Workers’ compensation insurance protects your employees from financial loss due to injuries occurring at work. You know the value of having this coverage. Yet, there can be some gray areas to consider when it comes to defining who has coverage. State laws differ in some areas, so it is important to verify information with your agent. These guidelines can give you a place to start, though.
Who is Your Employee?
An employee is a person who works for your business. It seems like a straightforward question, but there are some areas that can be confusing.
Generally speaking, your state’s laws determine who an employee is. Most of the time, they will include:
• Those who work for you daily
• Leased employees
• Part-time employees
• Unpaid volunteers
• Borrowed employees
• Any type of day labor
In some situations, subcontractors may fall in this area, too. This is less common.
If you have an employee with a unique situation, be sure to talk to your workers’ compensation insurance agent about this employee, including what he or she does and how they work for you.
There Are Some Exceptions
Some states have exceptions in place for covering employees for workers’ compensation. For example, most states will state that independent contractors – those that you do not file taxes for—have no coverage under this policy.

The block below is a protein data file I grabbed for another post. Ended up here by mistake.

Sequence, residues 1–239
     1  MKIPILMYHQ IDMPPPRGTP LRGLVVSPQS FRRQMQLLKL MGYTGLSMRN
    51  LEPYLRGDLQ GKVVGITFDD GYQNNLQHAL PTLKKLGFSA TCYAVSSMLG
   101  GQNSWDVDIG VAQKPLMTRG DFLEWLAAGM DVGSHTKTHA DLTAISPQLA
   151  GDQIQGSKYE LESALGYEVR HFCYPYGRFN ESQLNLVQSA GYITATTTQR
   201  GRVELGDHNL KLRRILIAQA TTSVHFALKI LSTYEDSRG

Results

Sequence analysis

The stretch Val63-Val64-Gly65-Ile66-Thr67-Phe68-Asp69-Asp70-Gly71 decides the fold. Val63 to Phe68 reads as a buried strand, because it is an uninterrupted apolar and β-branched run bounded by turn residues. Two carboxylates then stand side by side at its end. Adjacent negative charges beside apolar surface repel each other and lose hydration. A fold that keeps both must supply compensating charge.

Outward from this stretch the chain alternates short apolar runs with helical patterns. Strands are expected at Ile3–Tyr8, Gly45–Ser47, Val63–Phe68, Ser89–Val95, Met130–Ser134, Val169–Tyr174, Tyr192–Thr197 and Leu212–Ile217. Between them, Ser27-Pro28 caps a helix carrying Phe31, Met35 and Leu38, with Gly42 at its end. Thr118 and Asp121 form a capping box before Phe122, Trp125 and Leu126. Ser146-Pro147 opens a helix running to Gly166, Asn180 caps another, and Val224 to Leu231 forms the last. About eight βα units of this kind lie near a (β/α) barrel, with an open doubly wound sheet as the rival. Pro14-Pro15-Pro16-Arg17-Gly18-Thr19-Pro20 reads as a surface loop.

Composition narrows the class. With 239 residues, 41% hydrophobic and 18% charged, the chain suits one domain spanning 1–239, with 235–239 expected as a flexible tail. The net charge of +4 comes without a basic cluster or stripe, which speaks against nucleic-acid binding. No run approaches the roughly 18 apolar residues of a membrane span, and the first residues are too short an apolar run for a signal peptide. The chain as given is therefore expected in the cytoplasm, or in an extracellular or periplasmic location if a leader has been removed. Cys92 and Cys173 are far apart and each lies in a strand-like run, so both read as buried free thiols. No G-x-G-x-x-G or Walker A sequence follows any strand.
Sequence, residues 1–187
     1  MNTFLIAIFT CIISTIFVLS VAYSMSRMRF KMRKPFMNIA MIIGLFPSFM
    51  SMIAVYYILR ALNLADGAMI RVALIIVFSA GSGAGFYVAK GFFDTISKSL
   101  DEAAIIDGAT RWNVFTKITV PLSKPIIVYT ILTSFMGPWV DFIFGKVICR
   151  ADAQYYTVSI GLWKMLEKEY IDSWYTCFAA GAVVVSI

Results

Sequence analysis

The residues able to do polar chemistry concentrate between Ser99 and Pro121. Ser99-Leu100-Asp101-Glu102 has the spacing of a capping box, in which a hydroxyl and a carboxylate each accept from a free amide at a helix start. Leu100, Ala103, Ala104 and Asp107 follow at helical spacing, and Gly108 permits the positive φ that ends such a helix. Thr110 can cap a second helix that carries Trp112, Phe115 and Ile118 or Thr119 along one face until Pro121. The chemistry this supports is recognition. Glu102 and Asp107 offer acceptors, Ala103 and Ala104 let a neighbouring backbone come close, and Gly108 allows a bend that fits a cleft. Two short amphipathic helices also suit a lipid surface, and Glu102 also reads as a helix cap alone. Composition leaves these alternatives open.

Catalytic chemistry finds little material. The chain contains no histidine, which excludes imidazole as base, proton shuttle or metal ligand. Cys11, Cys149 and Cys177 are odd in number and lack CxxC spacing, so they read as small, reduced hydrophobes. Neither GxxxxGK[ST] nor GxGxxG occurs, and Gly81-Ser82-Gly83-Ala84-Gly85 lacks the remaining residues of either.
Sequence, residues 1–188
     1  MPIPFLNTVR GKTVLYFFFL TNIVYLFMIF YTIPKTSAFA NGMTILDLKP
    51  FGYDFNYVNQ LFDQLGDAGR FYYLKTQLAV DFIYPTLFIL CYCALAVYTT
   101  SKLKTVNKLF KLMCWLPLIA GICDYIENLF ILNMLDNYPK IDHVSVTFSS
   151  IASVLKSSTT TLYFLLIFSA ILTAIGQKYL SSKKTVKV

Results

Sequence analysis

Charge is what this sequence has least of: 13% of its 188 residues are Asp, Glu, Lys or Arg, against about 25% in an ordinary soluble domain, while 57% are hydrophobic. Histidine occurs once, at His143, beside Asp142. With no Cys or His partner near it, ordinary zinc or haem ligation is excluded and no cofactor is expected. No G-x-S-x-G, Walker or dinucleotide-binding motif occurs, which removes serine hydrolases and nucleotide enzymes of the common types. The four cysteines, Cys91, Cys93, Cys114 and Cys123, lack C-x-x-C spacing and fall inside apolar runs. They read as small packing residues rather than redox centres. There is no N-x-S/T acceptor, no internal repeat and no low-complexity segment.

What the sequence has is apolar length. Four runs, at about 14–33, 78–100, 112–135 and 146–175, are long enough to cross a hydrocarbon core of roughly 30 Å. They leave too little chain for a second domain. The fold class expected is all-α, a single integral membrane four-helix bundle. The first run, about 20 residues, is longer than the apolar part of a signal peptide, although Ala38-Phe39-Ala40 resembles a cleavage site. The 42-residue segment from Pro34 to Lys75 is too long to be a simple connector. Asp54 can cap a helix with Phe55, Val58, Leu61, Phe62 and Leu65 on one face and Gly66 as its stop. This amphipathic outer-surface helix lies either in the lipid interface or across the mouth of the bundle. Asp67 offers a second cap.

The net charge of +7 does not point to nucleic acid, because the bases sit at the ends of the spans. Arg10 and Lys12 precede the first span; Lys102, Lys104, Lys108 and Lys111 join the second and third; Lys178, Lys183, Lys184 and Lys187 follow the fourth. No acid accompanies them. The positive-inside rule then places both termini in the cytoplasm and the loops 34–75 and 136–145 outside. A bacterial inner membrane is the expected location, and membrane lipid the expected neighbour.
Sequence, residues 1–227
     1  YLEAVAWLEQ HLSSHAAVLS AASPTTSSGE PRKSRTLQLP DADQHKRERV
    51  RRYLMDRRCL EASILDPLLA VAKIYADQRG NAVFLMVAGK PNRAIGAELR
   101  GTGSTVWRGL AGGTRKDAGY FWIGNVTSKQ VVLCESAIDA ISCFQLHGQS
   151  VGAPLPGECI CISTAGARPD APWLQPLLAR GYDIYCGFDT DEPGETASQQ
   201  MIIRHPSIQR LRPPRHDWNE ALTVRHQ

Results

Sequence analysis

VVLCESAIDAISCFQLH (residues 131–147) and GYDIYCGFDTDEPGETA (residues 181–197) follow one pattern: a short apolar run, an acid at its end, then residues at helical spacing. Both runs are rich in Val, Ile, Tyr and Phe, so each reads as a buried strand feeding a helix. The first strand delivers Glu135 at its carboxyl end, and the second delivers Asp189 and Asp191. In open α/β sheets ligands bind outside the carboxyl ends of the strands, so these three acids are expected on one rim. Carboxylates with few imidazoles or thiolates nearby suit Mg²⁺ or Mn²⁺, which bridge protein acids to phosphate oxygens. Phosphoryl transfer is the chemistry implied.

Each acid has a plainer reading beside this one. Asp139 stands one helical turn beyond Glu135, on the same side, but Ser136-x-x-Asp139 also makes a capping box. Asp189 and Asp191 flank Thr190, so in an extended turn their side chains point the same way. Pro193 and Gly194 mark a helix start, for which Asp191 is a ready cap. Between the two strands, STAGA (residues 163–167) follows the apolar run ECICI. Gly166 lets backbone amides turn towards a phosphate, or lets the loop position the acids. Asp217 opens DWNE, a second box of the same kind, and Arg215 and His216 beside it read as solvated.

Some states also limit some categories of workers from eligibility. This may include seasonal employees or domestic employees, for example. In some areas, agricultural workers may have less protection. This is only possible when the state’s laws allow for it. Other states only require businesses with certain numbers of employees (say five or more) to buy coverage.
Why It Is Best to Cover Them
If you have someone working for you, but you are not sure if they qualify for workers’ compensation insurance, talk to your agent about it. Discuss what your needs and concerns are. If the employee could have coverage, and has a claim to file, doing so may be a good thing. By providing your employees with access to coverage, you ensure they get the care they need. This may help you avoid a lawsuit. It can also help you reduce risks associated with losing the employee to a company with more protections.
There are limits in every situation. And, the terms of your workers’ compensation policy can play a role in this, too. It’s important to speak to your business insurance agent about any concerns you have about proper coverage for your team.